The quality of European dachshunds should not be judged on the basis of the average dog, which the Germans export as pets. Perhaps we were biased, but the standard wires in Germany seemed better than the longs and smooths. Keep in mind that wires represent about two thirds of the DTK registry with longs second and smooths making up only 1/9 of the DTK dogs registered. At the show in Stuttgart there were 28 wires, 13 smooths and 12 longs. Heads in the smooths that we saw did not seem very good but we did not see any narrow, Borzoi type heads. For some reason the dachshunds that we encountered on out trip made a better impression than those pictured in the Der Dachshund magazine and the DTK studbook. We would like to have a better explanation, but it seemed to us that Germans concentrate more upon breeding good dachshunds than upon photographing them.
We did not see many minis at the Stuttgart show, and in general they are proportionately less numerous than minis in North America. FCI minis are divided into two classifications. The zwerg or dwarf teckels are defined on the basis of their chest measurement, between 30 and 35 centimeters. The kaninchen or rabbit teckel is literally bred slender enough (under 30 cm. chest measurement) so that it can go down a rabbit den and flush out the residents.
Dress, even at this big show, was more casual than what you would find at an AKC show. It was amusing to talk to some exhibitors who despite their hunting clothing were not really hunters. Hunting is associated with dachshunds and the hunter's look is part of the tradition. How different it is at dachshund shows in America.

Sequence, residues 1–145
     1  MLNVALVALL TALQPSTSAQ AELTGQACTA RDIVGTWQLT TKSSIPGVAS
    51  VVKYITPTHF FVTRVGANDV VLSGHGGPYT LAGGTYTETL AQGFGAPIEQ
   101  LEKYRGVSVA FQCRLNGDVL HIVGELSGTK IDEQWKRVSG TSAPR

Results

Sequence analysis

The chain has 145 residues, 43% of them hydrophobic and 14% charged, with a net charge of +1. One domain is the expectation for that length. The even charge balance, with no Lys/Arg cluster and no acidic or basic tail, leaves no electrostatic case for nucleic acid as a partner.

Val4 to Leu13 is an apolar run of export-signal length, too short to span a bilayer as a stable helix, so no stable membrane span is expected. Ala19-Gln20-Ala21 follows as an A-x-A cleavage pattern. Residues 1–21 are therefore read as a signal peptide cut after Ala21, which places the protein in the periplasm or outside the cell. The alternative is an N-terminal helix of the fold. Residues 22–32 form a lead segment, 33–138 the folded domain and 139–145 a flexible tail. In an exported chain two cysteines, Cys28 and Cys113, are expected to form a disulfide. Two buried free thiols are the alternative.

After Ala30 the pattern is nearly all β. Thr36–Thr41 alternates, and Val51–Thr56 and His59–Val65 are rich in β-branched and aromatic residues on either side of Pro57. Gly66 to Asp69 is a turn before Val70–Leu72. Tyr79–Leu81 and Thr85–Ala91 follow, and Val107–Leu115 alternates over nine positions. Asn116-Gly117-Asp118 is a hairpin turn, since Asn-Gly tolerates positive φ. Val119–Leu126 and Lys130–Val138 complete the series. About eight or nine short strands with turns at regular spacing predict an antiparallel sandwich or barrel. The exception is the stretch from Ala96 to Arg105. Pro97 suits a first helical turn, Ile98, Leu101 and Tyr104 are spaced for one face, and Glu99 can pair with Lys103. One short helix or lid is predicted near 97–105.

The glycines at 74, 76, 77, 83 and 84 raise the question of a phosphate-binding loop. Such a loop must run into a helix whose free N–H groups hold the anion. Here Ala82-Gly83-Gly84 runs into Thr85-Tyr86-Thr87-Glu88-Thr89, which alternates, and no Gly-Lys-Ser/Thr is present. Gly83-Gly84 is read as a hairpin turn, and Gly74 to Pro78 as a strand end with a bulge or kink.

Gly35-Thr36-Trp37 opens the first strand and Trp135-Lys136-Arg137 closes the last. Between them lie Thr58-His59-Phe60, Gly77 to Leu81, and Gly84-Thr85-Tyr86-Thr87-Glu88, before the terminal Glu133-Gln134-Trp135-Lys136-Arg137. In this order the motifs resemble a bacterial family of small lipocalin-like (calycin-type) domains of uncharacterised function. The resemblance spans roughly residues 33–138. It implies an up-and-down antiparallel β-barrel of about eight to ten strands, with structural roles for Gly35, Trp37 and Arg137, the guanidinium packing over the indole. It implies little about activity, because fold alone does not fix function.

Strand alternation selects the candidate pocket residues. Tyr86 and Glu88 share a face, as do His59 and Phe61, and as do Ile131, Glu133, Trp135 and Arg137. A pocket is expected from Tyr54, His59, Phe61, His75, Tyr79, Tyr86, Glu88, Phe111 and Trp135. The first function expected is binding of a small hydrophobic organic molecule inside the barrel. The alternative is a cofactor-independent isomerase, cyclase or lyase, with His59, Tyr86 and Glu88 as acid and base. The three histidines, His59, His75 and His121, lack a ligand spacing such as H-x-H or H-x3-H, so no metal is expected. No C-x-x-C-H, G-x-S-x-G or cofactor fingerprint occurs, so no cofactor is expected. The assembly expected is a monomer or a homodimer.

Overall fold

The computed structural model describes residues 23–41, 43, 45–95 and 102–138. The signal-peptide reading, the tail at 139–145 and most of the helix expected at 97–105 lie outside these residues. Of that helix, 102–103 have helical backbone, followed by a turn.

From Stuttgart we rushed to the Hartz mountains for a blood tracking test for Sabina who is an experienced natural tracker of wounded big game. We had prepared carefully with training lines at home and again in Germany on the Schlechtingen hunting preserve. The bulldozer-like rooting of wild boars across the blood trail was something that we were prepared for, but Sabina's general loss of intensity and focus was a surprise to me. Jet lag, too many kilometers on the autobahn, new surroundings; any excuse will do I suppose, but it took all of my skill to get her through to a passing score. I learned that it was not easy to drop a dog down onto a new continent without a short-term loss of performance. There were other dogs in the test that did better, and they were good looking dogs as well. What continued to amaze us was the number of beautiful, hard coated wires of all ages. You saw them at shows, of course, but you also them at hunting tests.
Opening ceremony of the blood tracking test
Jolanta with a German dachshund puppy